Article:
• Auto-thumbnail generation?
  • Full-screen viewing?
  • Caption addition facility?

I’m sure you can think of many more questions that could be associated with a simple upload image for a news item requirement. This demonstrates the possible scope variations that are contained within even the smallest of features and that could impact your estimates / risk of underestimating.

By getting granular and mentally trying to build the solution you are able to identify and address these issues early on, making sure to cater for them in your final estimate.

A Web Project Manager knows how to design and develop most of the project on his own, even if with poorer results compared to his team. This allows him to estimate projects with good approximation and to understand his team’s problems and difficulties
Introduction to Web Project Management: Fucina Web

Granularity: Good for the client and good for you

Don’t forget, by getting this granular not only increases your estimations accuracy, but it also gives you the instant ability to remove proposed features quickly if your estimate exceeds the client’s maximum budget! Need to shave 10 hours off the budget? Well, rather than removing the News feature entirely, how about remove the thumbnail and caption adding functionality from News, and a few other small niceties from other features and still allow the client to have the basic versions of all the features they need? Simply remove the lines and hey presto, a new estimate at warp speed and with full visibility to the client of what functionality they’re sacrificing for budget.

Roughly guessing the News feature will take 5 hours is one thing, but what about when the client comes to you after seeing the initial functional specification and asks where the archive section is or how they attach PDFs simply because they assumed the News section they would be getting is like the News section on another website they’d seen?

Getting granular will not always allow you to breakout a required feature in full because it is client industry specific. If you are ever in any doubts about what the client needs, ASK THEM! Take the time to understand their business so that you can fully understand why they want the feature and how it needs to work.

Few clients mind you asking questions, if anything it tends to give them more confidence that you will continue to be as diligent and thorough if they hire you.

Best of all, if you win the work, by getting granular you have:

  • An instant statement of work
  • A defined project scope
  • The timings you need to put together an accurate project schedule with milestones
  • Set your client’s expectations very early
  • Demonstrated your thoroughness and understanding of their business to the client

By being methodical, transparent and getting granular from the very start means your client is well informed and you’re seriously reducing the chances of friction later down the line.

You won the work w00t! Time to start tracking time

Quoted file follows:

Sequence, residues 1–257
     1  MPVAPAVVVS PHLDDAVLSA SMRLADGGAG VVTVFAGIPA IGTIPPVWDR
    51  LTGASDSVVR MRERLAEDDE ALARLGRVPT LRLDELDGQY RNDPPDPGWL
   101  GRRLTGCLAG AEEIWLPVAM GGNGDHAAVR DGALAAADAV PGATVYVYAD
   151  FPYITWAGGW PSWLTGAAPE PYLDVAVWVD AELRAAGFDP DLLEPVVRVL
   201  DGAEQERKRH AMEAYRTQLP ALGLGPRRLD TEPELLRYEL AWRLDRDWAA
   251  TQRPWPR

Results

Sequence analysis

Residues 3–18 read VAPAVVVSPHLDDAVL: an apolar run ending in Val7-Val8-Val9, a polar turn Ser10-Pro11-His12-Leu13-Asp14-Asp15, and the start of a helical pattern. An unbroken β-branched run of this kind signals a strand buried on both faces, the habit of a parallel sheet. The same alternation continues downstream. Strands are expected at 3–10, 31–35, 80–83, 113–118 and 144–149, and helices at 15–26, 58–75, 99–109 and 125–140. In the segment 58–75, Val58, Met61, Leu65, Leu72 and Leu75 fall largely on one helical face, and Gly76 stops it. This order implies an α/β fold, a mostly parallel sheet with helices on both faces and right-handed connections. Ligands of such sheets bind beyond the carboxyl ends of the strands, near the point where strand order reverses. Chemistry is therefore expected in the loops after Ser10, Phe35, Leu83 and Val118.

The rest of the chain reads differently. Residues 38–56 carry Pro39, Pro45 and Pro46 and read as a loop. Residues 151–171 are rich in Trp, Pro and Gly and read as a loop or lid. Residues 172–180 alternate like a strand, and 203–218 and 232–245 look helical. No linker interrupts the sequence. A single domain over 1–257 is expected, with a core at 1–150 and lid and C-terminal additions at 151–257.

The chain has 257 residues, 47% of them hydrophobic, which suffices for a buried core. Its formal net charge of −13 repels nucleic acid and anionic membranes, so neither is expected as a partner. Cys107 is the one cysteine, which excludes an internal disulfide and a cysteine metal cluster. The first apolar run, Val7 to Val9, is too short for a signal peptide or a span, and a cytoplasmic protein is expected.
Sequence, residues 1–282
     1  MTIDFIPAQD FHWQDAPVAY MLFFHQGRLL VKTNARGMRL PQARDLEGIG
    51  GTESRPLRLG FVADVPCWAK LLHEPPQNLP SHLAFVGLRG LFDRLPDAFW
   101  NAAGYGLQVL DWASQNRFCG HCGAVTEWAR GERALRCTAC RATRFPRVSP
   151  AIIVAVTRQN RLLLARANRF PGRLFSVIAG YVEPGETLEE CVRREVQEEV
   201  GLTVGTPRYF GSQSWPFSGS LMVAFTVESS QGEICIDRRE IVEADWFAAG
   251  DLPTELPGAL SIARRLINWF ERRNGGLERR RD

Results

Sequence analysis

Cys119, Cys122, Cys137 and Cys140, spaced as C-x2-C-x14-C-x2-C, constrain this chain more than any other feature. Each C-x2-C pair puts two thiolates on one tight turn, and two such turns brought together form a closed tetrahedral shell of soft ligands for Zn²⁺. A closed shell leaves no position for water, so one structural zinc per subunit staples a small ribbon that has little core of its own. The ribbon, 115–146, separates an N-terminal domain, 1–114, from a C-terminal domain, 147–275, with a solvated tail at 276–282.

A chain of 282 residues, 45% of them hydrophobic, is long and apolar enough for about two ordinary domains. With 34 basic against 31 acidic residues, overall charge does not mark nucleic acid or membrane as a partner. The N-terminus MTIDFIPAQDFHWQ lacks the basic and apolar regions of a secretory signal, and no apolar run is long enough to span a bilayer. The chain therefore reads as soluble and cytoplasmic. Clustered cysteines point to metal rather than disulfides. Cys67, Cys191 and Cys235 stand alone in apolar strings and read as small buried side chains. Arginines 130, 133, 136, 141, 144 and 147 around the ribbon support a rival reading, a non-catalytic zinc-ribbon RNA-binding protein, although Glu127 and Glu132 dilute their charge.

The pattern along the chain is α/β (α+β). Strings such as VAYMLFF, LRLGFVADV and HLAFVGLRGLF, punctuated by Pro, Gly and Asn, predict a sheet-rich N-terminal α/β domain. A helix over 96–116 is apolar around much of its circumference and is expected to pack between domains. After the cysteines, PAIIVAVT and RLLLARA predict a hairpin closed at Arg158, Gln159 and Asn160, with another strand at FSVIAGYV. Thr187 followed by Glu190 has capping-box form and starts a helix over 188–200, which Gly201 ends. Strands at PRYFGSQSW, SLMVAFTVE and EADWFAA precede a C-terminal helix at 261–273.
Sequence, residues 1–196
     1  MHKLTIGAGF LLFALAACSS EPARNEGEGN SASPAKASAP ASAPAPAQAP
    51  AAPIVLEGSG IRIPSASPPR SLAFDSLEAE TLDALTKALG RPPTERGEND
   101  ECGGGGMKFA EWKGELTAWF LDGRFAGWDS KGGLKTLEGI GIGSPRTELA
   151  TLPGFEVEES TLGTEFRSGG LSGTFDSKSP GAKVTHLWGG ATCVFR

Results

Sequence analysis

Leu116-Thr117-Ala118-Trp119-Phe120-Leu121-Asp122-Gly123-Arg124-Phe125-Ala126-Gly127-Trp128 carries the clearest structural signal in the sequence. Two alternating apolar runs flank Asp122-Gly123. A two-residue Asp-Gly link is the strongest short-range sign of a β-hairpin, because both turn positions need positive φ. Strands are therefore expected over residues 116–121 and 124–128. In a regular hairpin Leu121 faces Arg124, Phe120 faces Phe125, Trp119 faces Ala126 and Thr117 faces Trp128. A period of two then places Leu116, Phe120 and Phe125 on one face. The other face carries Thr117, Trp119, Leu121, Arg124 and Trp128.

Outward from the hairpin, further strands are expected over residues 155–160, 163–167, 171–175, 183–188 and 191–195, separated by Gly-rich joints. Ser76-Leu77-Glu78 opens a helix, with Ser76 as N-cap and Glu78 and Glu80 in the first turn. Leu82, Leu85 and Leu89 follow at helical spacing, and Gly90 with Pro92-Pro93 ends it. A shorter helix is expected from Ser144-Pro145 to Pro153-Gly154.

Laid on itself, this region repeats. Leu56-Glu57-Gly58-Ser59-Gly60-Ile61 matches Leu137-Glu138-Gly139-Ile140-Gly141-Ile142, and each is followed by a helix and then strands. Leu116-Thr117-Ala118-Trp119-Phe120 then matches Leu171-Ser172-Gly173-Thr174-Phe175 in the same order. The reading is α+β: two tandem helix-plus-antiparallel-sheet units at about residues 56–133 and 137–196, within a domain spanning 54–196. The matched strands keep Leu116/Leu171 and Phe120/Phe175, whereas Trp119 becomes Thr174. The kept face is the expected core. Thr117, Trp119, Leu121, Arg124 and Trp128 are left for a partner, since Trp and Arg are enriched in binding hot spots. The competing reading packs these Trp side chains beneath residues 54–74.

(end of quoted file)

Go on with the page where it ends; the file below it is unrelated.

The more projects you complete that are categorised with a consistent set of phases and tasks, the more useful data you can collect on how long you estimated versus how long each phase or task actually took.

Consistency here is the key again. By this stage you should have the final project estimate that was approved by the client, and this estimate should be broken down first into the same high-level phases as your previous projects, and then at a granular level by task and sub-task.

Simply replicate this structure and the time estimates for each in your time tracking tool of choice so that you can:

  • See how long you have to complete each phase
  • View how long you have for each task and sub-task
  • At the end, report on how long everything took

Not only is this a perfect way to track the progress of the project you are working on, but the data you collect over multiple projects, using a consistent pattern, will become more and more valuable when it comes to estimating future projects and also allow you to identify bottlenecks in your project processes.

Analyse project estimates vs. actual time spent

Once you have defined a consistent set of high-level project phases to use when estimating all web projects, and committed to setting up your time tracking tool each time to match, you are ready to reap the rewards.

By tracking all the estimated and actual times of all past projects, using a consistent framework, will give you an average percentage that each phase and task took, and you can use these averages as a good guide for starting a new estimate.

For example, by collecting data for your past five projects you are able to identify trends like:

  • Solution design took around 10% of the total project time to complete and get approved
  • Web design 30%
  • Front-end development 15%
  • Back-end development 30%

And so on…

Using these averages, and with a client’s preferred budget, you can begin to immediately allocate a rough amount of time to each phase and then break out each in more detail, but with the roughly allowed hours available known beforehand.

With this initial capped time limit in place, you can estimate not only your times but also the most cost-efficient solution you can deliver based on the budget rather than going in with a blind quote that may be way to small or too high.

Of course, this is dependent on knowing the client’s budget beforehand, not always possible, but more possible than most seem to think if you just explain you want to deliver the best solution for the budget given that you could potentially offer a News feature that costs £750 or £7,500.

Get granular with features, again!

Aside from being able to determine the average percentage of time each high-level phase usually takes of each project, you can take this tracking and analysis one step further.